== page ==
MANASSAS, Va. – The man accused by prosecutors as the East Coast Rapist confessed to police after his arrest that he raped two teenage trick-or-treaters in Virginia in 2009, but only after complaining that a police sketch that was plastered across the Mid-Atlantic failed to accurately portray him, according to court testimony Thursday.
A judge heard testimony Thursday at a preliminary hearing for Aaron H. Thomas, 40, who police believe is responsible for rapes and other attacks on 17 women from Virginia to Connecticut over the span of a decade.
The judge found probable cause to send the case to a grand jury after hearing graphic testimony from three women who were abducted on Halloween 2009. Two of the three were raped in a wooded area before their attacker fled upon hearing police sirens.
The judge also found Thomas competent to stand trial after receiving a mental health report from a court-appointed psychologist who concluded that Thomas was feigning insanity to avoid prosecution.
The report was not publicly available, but Commonwealth's Attorney Paul Ebert said the examiner concluded that Thomas was malingering. Thomas scored so low on the IQ test, according to Ebert, that he would not have been able to function in society at all if it were truly his score.
Defense attorney Ronald Fahy had requested a competency exam after saying Thomas engaged in self-destructive behavior and refused to communicate. In one incident on the day he was arraigned in Manassas in November, Thomas smeared feces across his face.
At Thursday's hearing, Fahy made no argument that Thomas was incompetent. For much of the hearing Thomas, shackled at his wrists and ankles, stared at the ceiling, gazed straight ahead or rested his forehead on a table.
The three girls who were abducted — ages 16 and 17 at the time of the incident — all testified that they decided to go trick-or-treating at the last minute after seeing how much candy younger siblings and cousins had collected. They testified that a man wearing a ski mask demanded money and pointed what they thought was a gun at their backs and ordered them into some nearby woods.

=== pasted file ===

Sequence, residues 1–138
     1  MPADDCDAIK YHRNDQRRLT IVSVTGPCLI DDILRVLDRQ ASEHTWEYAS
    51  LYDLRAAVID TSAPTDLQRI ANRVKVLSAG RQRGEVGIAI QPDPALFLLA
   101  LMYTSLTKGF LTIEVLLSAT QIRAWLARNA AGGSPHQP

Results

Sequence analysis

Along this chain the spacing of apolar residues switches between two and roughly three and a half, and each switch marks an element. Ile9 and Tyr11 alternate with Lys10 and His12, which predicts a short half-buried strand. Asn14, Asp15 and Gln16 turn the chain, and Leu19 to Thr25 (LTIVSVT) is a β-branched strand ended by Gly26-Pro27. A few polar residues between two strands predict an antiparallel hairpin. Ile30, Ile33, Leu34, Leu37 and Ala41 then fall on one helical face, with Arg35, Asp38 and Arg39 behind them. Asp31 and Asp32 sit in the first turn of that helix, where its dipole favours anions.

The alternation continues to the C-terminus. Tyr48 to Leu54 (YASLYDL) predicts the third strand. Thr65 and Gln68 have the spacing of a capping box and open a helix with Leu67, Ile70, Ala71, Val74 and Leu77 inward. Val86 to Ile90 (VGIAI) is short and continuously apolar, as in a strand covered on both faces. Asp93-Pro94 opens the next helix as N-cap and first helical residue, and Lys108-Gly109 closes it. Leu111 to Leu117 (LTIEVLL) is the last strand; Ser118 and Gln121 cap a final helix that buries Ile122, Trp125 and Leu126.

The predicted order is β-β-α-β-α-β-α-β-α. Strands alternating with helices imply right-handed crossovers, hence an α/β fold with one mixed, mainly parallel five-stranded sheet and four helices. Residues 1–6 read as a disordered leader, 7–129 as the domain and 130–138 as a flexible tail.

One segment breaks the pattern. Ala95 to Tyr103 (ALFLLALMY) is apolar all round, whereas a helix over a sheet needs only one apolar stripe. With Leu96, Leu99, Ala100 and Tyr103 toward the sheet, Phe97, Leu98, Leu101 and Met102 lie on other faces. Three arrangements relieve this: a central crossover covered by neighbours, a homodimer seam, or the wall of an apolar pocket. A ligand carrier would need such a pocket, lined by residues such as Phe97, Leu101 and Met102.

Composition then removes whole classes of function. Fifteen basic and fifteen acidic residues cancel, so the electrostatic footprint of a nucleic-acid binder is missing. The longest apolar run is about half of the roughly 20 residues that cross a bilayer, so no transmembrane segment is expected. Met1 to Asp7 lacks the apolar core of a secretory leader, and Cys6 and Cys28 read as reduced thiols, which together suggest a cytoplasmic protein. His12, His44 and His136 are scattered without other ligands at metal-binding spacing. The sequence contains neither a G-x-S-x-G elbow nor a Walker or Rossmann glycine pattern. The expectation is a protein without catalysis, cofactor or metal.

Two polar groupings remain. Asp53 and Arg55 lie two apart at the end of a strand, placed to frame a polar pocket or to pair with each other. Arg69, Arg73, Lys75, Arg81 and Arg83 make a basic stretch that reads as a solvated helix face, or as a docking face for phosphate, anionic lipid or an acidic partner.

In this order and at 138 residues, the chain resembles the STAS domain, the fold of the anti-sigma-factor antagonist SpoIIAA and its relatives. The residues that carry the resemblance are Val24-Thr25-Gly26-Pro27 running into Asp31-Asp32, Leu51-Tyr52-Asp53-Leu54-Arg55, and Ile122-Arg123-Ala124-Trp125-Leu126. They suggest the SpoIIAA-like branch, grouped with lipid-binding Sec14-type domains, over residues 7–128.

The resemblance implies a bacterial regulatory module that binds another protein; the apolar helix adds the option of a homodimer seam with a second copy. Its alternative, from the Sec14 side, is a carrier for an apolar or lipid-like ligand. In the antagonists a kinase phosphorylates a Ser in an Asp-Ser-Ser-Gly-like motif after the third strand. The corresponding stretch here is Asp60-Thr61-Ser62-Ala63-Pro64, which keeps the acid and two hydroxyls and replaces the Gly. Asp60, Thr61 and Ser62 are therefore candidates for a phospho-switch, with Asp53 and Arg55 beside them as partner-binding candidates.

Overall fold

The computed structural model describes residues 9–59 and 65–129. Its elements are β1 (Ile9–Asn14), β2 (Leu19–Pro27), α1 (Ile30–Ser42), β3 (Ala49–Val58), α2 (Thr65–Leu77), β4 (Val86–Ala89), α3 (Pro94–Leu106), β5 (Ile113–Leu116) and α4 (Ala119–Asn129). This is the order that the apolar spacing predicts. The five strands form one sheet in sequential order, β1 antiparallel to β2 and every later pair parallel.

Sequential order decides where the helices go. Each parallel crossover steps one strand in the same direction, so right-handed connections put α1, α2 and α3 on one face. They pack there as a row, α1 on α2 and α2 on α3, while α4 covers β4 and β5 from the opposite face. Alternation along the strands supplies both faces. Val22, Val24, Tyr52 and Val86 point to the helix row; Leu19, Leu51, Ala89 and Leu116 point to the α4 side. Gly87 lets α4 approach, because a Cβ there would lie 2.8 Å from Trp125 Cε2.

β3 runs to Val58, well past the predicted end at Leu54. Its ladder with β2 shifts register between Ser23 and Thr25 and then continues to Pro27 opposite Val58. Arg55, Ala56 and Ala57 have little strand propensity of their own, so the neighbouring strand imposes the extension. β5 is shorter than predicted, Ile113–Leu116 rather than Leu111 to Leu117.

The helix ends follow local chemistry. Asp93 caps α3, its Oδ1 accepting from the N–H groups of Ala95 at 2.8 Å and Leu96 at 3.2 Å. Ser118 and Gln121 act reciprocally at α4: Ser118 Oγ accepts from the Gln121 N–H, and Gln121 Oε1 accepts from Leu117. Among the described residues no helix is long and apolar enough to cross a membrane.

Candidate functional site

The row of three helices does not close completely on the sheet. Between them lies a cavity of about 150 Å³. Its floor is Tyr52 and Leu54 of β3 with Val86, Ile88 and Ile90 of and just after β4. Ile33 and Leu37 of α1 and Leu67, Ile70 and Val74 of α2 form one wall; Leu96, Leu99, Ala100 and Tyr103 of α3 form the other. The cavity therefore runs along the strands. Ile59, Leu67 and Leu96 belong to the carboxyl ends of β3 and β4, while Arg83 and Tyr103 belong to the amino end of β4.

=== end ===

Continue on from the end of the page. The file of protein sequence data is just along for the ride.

Two of the girls said they were raped. A third girl, who hid a cellphone in her sleeve, surreptitiously sent text messages to her mother and others alerting them to call police.
"I can text without looking," she said. "I texted my mom, my friend's mom, anyone. I said a man was raping (my friend) in the woods behind the CVS, call 911."
The girls said their attacker fled when he heard police sirens. None of the three explicitly identified Thomas, who authorities say is linked to the crime by DNA evidence.
William Burke, a sergeant with Prince William County Police, testified about witnessing Thomas' interrogation after his arrest in New Haven last March. Thomas was arrested after a multi-state publicity campaign in which a sketch of the suspect in the East Coast rapes was posted on billboards throughout the region, and a website dedicated to the crimes was established by a police task force.
Before Thomas admitted to the Halloween rapes, Burke said the suspect first complained that the billboards he had seen did not depict him accurately. Thomas said he used a toy gun to threaten the girls, according to Burke.
After the hearing, Ebert declined to say whether Thomas confessed to all the sexual assaults of which he is accused. He is also suspected or charged in assaults in Connecticut, Maryland and Rhode Island. Connecticut agreed to extradite Thomas to Virginia to face trial first, in part because of the strength of Virginia's case against him.
If convicted, he faces up to life in prison.